³I expect widespread anger over pay at UNISON¹s Health Conference next month. The job cuts, cancelled operations and longer waiting times are deeply distressing for health workers and the pay freeze is likely to be the final straw.²


Notes to Editors

This is the 4th year out of 5 that health workers have had a below inflation
pay award.

RPI rates (March) Pay uplift (April)
2005/6 3.2% 3.225
2006/7 2.4% 2.5% (but only worth 1.9% in England due
to staging)
2007/8 4.8% 2.5%
2008/9 3.8% 2.75%
2009/10 -0.4% 2.4%
2010/11 4.4% 2.25%
2011/12 5.1% (Feb) 0% (1.8% - 1.2% for those below £21K)

Total 23.3% 15.625%

In real terms NHS pay has now fallen back to pre 2005 levels.

Staff now facing NI increase of 1%

Pensions increase of at least 3% 2012-14

Further pay freeze in 2012.

The Coalition of millionaires reward greedy bankers and cut the pay of nurses.

Sunday, March 20, 2011

Ambulance Dispute - Hillingdon 1989-1990

Ambulance Dispute 1989-1990

Ambulance workers enjoyed unprecedented levels of public support
during the six-month dispute as opinion polls found more than four out of five people consistently backed the unions.
Successive Gallup polls for the Daily Telegraph found even a majority of Conserative voters felt Health Secretary Kenneth Clarke should come up with more cash as he took the brunt of the blame for the disruption to patient services.
Electors said they would even be prepared to pay a little more income tax to fund a deal, while other health service staff, including nurses, disclosed that they would not demand an equal pay rise if ambulance crews and control room staff were awarded more than the going rate.
Such sympathy was evident daily by the millions of pounds that filled the buckets
thrust forward by the ubiquitous, fluorescent-jacketed ambulance staff that became as much a part of shopping centres as Boots and McDonalds.
TUC General Secretary Norman Willis told how would-be queue-jumpers were ordered to the back of the line while he waited patiently to add his name (no doubt again) to the record-breaking petition.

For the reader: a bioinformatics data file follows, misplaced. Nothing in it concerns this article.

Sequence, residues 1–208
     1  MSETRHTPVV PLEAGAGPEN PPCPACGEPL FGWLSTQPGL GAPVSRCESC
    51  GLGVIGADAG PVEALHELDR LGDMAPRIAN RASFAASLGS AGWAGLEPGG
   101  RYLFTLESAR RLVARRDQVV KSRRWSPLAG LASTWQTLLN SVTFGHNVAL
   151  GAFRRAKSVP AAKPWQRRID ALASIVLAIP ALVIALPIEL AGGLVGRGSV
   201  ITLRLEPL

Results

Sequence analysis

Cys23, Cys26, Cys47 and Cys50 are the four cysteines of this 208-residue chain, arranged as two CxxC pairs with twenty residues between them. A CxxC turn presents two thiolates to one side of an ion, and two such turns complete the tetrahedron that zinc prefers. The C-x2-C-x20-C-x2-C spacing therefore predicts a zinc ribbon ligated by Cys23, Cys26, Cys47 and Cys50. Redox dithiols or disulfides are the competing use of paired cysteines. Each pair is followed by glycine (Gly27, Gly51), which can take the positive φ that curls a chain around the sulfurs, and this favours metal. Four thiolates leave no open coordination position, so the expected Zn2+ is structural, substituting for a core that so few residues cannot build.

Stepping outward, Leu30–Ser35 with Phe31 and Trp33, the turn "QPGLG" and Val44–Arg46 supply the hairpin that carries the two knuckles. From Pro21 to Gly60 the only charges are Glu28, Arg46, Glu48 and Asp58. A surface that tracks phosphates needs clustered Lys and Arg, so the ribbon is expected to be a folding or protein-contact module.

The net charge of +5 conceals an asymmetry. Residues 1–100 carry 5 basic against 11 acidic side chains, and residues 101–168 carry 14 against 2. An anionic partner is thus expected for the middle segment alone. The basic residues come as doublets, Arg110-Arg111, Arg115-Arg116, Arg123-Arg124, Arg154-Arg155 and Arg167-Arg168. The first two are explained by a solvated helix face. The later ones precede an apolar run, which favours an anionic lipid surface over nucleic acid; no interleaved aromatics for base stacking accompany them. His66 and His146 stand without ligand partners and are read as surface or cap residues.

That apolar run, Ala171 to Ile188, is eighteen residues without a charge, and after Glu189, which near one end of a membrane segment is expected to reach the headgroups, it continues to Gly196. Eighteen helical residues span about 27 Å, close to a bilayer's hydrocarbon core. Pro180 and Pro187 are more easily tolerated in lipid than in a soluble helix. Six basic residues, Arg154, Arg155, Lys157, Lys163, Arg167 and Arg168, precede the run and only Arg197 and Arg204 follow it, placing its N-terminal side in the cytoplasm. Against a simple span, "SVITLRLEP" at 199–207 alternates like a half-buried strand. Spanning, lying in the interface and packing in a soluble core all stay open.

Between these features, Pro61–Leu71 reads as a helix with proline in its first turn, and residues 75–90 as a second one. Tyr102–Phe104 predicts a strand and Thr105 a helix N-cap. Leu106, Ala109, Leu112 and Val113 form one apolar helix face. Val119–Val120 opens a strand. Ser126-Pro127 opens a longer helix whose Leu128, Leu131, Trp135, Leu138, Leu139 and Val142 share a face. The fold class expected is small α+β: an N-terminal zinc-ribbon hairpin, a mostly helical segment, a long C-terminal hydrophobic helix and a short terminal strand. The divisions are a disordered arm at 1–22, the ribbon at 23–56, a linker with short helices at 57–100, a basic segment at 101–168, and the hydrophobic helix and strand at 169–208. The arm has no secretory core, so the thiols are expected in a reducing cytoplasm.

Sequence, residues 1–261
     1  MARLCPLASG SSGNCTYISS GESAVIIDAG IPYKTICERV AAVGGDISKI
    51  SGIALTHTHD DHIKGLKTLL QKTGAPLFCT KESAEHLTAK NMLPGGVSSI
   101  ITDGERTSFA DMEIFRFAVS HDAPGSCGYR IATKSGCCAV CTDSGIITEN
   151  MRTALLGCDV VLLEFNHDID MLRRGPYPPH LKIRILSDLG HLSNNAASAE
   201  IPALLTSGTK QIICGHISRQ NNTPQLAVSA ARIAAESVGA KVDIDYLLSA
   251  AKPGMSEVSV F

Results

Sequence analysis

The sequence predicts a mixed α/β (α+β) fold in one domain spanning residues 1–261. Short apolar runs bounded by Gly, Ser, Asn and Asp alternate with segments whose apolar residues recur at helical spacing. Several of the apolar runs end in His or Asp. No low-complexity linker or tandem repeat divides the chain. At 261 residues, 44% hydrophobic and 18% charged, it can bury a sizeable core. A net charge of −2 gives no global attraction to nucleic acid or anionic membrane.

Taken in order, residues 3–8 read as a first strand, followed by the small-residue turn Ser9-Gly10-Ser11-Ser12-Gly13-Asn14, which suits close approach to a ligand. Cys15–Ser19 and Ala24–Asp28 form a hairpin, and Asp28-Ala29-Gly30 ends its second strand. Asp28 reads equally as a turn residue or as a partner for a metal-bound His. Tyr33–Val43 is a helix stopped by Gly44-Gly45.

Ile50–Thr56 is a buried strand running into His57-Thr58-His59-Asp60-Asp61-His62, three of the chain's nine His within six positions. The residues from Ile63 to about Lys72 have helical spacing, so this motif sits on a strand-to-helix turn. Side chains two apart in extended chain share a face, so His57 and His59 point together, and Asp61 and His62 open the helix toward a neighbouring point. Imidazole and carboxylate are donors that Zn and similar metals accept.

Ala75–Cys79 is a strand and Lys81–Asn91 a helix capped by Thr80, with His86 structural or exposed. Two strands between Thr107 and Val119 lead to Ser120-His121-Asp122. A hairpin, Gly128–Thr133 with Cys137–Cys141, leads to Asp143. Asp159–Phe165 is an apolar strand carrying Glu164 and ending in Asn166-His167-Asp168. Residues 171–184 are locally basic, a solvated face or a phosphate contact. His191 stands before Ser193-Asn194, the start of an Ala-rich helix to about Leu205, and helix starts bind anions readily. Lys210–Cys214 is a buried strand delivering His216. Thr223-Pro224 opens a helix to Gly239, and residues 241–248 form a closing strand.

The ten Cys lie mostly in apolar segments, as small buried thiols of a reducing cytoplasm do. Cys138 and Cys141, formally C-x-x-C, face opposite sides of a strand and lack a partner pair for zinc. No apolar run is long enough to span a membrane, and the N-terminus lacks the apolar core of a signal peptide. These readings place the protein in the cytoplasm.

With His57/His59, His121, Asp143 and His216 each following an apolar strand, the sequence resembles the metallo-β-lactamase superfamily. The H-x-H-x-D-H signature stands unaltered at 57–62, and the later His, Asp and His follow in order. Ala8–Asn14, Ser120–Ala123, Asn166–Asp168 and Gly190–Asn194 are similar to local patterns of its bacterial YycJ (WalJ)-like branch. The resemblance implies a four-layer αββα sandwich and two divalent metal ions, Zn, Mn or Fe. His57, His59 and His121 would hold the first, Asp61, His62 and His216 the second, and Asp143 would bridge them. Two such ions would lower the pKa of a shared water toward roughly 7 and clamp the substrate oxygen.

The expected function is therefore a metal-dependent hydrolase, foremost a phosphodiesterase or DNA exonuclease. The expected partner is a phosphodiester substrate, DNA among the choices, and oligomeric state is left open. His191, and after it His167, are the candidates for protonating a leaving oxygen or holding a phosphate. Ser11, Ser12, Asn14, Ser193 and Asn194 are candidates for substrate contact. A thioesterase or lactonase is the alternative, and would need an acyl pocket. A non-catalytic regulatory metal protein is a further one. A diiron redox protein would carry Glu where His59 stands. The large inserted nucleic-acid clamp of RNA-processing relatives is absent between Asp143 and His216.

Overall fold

All good stuff for the unions but, of course, it was never ordained to be so, as prevous disputes involving NHS workers in the 1970s and early 1980s demonstrated.
This time round the five unions involved COHSE, NUPE, TGWU, NALGO and GMB — paved the way for their own success by breaking new ground with a slick public relations campaign that went further than any previously used by a workforce during a dispute.
The initiative was seized with a strategy that had its effect on the wider world of statements and actions worked out, instead of merely addressing the troops, and realised the importance of newspaper, radio and TV in getting a message across.
Once a groundswell of public opinion had been generated, every opportunity was taken to portray the crews and not the Government as the patient's friend and to hammer home a simple message.
Initiatives were repeatedly launched to make the running rather than merely provide reaction which, by staying one step ahead, often wrong-footed the Government and kept the Departmental of Health on the defensive for much of the time.
Frequent press conferences, a national demonstration, the petition, a quarter-hour of action and even a hunger strike kept the dispute in the public eye when it might have been forgotten.
The unity displayed by the five unions and the absence of what for the NHS used to be traditional in-fighting, rivalry and factionalism allowed a united front to be displayed which forced journalists to look towards the Government for splits and divisions.
In that vein, tasks were allocated to avoid repetition and confusion. NUPE's Roger Poole, the chief negotiator, became the public voice and was constantly in the media, modelling a new hair cut and a businessman's suit to look as well as sound the part.
Meanwhile, COHSE's Bob Abberley beavered away behind the scenes in Parliament to put crucial political pressure on Ministers which was as important.
Several years ago everyone would have been clamouring to appear on TV as they jockeyed for status and, no doubt, future members. Now a trio of those involved, COHSE, NUPE and NALGO, could end up merging — partly as a result of the demonstration that they can work together.
The two immediate goals of the dispute
— a substantial pay rise and new pay machinery — were constantly pressed home in simple, relevant terms by the unions, while other issues such as local bargaining and privatisation which the public would either not understand or have less sympathy with were left in the background.
Opinion polls showed that the ambulance worker-supporting public did not know what the Government's offer was or how the pay mechanism demanded would work. But what they did believe was that crews were worth more, and the new system would just about rule out future industrial action.
The employers, on the other hand, varied their official spokesman between Kenneth Clarke, NHS chief executive Duncan Nichol, and David Rennie, who chairs the employers' side on the Whitley Council negotiating body, with the result that apparent differences of opinion were interpreted as splits.